Well, my last column (on the death of black drape) seemed to draw a lot of attention, both for and against. I received quite a lot of email, most in agreement but a few of the if it aint broke, dont fix it variety.
And now my question is, Why?
Of all the things I write about, why does the stupid drape provoke discussion? In the past few months this column has looked at new methods of show control, webcasting, streaming, and some completely new skill sets that will be required of the stager. Weve talked about the use of robotics and the issues surrounding the blurring lines between production and staging. All of them provoked response, but none as much as our precious funeral drapes. For those of you defending the mourning look for shows because of its flexibility, let me answer your main questions:
First: Yes, I have a sizeable inventory of black drape. I didnt say I dont do it, I said I dont like it. And Id gladly give it up completely. I work every day at showing my clients alternatives.
Second: Yes, Im aware that drapery adds profitability to an already shrinking margin on equipment rentals. I made a lot of money renting slide projectors once, too, but gave them up for newer things.
But the best question I received was from somebody who seemed to get beyond the detail questions. He asked: Your columns lately have been about technologies and practices that seem to change the shows we do. If were out to change the show, what does the new show look like? And, more importantly, what does the new staging company look like?
Okay, here goes: I believe we face the same issues as the rest of the world. Materials and equipment cost less all the time, while people are the real cost. And yet, as an industry, the model most of us use depends on deriving the bulk of our income from gear, while weve trained a market to expect many services free or at low cost because they were renting equipment. The most fundamental change we can make for the long term is to reverse that. Our clients must recognize the value of every hour every one of our people spends on a project. To make them realize that value, we must, as our early math teachers instructed us all, show our work. To do that, we need to demonstrate our brainpower advanced technical skills and creativity.
To do that, we must actually have them.
So the first characteristic of the new show is that it is crewed by people clients see as an investment. They have established professional credentials that clients care about and are assigned to the show early and work it all the way through. This lets the client learn to appreciate them as consultative professionals, rather than hands. This means that the technical planning part of the show should not be conducted by a salesperson (who the client sees as performing these roles for some kind of commission, even if theyre not) but by a technician whose time is billed. In order to make the client understand these costs, we must deliver people at the technical level who can communicate who know their way around attending a meeting as well as operating one.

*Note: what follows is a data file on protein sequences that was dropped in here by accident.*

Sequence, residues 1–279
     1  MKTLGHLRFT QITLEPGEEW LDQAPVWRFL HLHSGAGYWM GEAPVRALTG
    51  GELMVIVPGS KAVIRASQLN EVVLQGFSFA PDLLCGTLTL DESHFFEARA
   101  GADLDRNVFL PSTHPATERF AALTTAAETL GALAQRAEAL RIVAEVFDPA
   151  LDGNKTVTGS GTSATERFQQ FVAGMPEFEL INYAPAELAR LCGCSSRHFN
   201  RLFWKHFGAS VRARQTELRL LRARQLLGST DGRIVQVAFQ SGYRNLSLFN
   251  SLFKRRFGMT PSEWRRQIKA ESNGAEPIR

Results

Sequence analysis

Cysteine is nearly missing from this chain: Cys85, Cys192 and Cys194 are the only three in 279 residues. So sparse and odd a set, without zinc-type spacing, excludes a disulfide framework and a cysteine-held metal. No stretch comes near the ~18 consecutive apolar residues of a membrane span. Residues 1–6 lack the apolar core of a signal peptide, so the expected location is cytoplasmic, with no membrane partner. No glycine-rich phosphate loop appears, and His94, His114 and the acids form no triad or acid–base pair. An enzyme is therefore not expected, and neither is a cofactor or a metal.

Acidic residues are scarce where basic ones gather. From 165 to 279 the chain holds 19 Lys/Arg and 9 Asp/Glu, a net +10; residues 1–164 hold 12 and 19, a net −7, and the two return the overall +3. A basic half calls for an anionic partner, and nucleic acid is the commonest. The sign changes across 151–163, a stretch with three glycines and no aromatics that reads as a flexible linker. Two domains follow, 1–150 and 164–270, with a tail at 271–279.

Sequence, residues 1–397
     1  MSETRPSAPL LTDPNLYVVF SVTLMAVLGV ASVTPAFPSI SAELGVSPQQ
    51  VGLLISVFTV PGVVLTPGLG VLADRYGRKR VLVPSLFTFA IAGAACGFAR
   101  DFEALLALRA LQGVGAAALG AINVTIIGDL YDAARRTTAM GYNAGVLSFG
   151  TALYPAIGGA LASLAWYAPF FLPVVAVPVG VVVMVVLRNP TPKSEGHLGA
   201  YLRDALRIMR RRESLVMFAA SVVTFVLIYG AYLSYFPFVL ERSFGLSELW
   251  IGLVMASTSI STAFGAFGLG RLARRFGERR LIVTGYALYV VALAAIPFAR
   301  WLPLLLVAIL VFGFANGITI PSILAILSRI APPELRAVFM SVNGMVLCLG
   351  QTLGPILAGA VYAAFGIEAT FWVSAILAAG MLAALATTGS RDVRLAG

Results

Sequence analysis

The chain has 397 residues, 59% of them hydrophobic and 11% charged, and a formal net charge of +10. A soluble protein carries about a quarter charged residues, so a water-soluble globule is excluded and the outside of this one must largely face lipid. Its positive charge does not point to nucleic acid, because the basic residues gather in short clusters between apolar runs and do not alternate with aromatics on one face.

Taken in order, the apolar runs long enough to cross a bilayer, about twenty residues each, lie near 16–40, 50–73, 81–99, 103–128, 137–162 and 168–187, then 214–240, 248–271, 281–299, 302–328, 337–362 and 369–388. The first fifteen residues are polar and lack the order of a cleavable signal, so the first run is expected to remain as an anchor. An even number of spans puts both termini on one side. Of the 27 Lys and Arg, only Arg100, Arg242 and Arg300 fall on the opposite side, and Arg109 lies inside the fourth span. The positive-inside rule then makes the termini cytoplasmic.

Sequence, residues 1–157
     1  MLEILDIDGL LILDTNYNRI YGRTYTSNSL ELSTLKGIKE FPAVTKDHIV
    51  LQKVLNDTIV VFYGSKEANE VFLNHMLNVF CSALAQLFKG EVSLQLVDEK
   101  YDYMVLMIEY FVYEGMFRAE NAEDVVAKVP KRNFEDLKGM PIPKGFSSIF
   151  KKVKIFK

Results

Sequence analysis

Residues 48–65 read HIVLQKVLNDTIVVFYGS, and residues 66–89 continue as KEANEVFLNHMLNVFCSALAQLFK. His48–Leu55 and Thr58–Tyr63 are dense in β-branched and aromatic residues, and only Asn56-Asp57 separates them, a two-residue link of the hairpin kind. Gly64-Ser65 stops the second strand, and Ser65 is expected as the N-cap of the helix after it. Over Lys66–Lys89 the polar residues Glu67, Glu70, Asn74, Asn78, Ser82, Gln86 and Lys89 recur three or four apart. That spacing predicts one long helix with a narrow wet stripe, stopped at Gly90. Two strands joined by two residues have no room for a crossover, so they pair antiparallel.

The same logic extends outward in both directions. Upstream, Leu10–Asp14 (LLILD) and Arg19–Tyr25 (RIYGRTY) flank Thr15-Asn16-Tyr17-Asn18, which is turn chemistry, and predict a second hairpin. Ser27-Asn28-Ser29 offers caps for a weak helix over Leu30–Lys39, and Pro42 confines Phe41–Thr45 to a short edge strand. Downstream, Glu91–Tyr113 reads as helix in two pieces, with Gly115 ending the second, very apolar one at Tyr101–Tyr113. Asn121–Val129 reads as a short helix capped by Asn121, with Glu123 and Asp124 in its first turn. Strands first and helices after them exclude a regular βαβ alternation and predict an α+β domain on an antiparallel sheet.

The second characteristic of the new show is that it has professional presentation values. All too often, for all but the largest meetings, our clients have reduced presentation values to what they think is a good PowerPoint template. We need to deliver staging values to what we used to see as smaller meetings, because all too often the big meeting has been reduced to a number of connected smaller meetings. This was one of the reasons behind my murderous assault on our precious black drape. We must transform a higher percentage of our jobs from meetings to events.
The third characteristic of the new show is that it must utilize our brainpower on the technical side to contribute to the content and look of the show for more than switching their microphones and PowerPoint sources in a world of black drape. We have a whole new raft of technologies that are poised to transform the meeting from a technical standpoint. Automated lighting, for instance, is smaller, less costly, and more versatile than ever before. Videoconferencing and streaming is easier and less expensive to do from location than ever before. Robotics are giving multi-camera looks to what used to be single-camera shows. All of these things contribute to the content and atmosphere of a show without transforming the staging tech into a producer.
And all of them contribute to charging more for our ever-more-expensive people.
We can use these things to create an industry whose jobs cannot be outsourced somewhere cheaper. We can make a place for a larger AV industry in a world where more and more functions go online where my younger clients actually refer to an online chat as a meeting.
I believe we need to change one of our old sayings, too: From here on in, were only as good as our NEXT show.